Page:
A Spiritual Practice To Free The Mind

 

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The most powerful form of prayer, and the one which can gain almost all things and which is the worthiest work of all, is that which flows from a free mind. The freer the mind is, the more powerful and worthy; the more useful, praiseworthy and perfect prayer and work become. A free mind can achieve all things.
Conversations With Meister Eckhart Meister Eckhart, Simon Parke

What does the Meister mean by a free mind? Single-minded, focused on God, no distractions? Yes, but he also talks about ichgebundenheit, a state of mind in which we are bound to the drama of the ego, so a free mind would be a mind unchained to ego.
Eckhart also says,” I pray God that he may quit me of God,” so it means a mind free of false images of God.

A free mind is an empty mind, detached from all that enters, even from sacred moments gifted in contemplation.

For me it means that for just a moment I stop clinging to that which clamors for my attention. A common little drama which plays out in my everyday life is the distraction of noise. I live in a spralling apartment complex where maintenance needs generate constant loud noise. Tuesdays at 7:00 the city garbage trucks subject us to 20 minutes of an automated machine emptying one can after another. Wednesdays bring a grounds maintenance crew wielding their monstrous lawn blowers. The list goes on, but we musn’t. Most often the noise closes in on me taking over all of my attention. I rant and rave and denounce “progress,” as environmental injustice until I have allowed the noise to become me and there is no space for the divine. My mind is not free.
Buddhists have an excellent way to free the mind. They would tell me to see the garbage trucks as a mindfulness bell calling me to meditation. My practice has become a variation on that advice. In this practice substitute “garbage trucks” with whatever threatens to take over your being.

Spiritual Practice: Freeing The Mind

  • The distraction presents itself, threatening to take over thoughts and feelings.
  • Acknowledge it’s presence saying, for example, “Garbage Trucks.” Acknowledge the thoughts and feelings.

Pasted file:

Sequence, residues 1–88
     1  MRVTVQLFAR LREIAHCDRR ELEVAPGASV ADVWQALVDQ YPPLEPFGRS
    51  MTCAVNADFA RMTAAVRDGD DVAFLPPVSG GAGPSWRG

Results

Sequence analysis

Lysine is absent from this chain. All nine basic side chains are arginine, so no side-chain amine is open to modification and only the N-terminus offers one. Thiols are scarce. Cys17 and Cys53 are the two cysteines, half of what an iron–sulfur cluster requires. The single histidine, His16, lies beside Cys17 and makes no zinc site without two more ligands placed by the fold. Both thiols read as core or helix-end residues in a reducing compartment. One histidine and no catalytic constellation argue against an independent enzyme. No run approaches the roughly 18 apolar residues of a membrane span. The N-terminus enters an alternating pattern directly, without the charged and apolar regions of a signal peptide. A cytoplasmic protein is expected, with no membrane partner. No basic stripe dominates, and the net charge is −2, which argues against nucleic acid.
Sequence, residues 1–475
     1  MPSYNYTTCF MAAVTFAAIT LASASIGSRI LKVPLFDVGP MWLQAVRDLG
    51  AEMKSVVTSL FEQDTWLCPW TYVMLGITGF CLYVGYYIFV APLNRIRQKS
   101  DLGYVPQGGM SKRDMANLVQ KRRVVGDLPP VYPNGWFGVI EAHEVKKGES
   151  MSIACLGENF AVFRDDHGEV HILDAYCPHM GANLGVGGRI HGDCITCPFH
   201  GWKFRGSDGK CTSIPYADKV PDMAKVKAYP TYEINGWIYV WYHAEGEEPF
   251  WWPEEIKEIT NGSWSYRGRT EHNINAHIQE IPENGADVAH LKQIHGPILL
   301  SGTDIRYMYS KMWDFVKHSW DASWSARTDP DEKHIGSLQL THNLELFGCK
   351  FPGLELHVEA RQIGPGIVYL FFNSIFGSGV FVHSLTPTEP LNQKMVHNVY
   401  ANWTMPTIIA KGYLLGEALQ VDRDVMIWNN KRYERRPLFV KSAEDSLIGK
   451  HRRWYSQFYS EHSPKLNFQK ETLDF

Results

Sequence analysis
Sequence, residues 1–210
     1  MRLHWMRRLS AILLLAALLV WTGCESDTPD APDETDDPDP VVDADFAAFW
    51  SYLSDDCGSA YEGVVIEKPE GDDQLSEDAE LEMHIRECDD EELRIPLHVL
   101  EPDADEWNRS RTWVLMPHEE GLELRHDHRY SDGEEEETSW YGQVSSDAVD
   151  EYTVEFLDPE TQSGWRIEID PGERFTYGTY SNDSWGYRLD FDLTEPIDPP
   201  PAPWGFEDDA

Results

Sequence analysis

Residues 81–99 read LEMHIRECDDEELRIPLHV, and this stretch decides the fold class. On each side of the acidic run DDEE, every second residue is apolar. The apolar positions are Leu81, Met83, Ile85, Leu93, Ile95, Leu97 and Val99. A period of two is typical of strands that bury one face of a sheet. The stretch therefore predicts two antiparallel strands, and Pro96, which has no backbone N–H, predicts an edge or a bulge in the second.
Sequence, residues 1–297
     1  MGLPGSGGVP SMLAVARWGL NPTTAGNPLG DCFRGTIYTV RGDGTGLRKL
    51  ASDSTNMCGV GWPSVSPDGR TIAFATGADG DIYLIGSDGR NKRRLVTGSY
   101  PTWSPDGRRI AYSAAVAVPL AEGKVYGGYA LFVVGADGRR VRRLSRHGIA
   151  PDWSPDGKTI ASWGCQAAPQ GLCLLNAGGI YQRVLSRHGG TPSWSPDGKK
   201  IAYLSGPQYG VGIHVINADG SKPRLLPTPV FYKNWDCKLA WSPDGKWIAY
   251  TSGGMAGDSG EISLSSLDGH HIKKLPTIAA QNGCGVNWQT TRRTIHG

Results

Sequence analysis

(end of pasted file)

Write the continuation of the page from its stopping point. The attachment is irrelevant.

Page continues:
• Establish a rhythm to your breathing saying, “Breathing in I acknowledge this noise and it’s hold on me, breathing out I release it.”
  • Breathing the intention will eventually create a space for the divine to enter. Say, “Breathing in God is here. Breathing out, I am peace.”
  • When you feel yourself resting in God’s presence continue breathing and wait for the Spirit’s prompting.

 

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Neuroplasticity and Spiritual Development

I recently read an article entitled “How To Draw Better.”  A few salient points made by the author, Jesse Miller, strike me as pertinent to spiritual development as well:

“Simply put, neuroplasticity means that our brains change their shape and structure as we learn new skills and information.

A scientific study into the development of drawing skills in students found that the best learners used a ‘strategic’ approach to learning. These students identified their weaknesses, and found tried-and-tested methods to practice and improve them. They also tracked the progress of their skills, and updated their practice methods accordingly.

Research has shown that the development of motor skills requires periods of rest between practices, when our brains can gather together and act on the information. Therefore it’s best to do this exercise little and often – practice it just once a day for as long as you can.

But recent studies into the neuroscience of creativity have found that looking at the works of others may indeed be essential to cultivating a creative mind.”

Surely, the soul, like the brain, is neuroplastic..or are the soul and brain one and the same?  In any case, the soul is constantly adapting.  Its development depends on spiritual practices.  It does not grow and thrive on prayer alone.

The soul needs quiet and solitude to create the environment in which the Spirit can work.

A person who desires to live deeply into her/his spiritual life would do well to delve into the writings of the mystics in diverse traditions and pull out spiritual practices that fit with their lifestyles and belief systems.

Learning to draw is similar to spiritual development. If you are intent on learning either skill you will both enjoy and benefit from reading this article:

https://www.jenreviews.com/how-to-draw-better/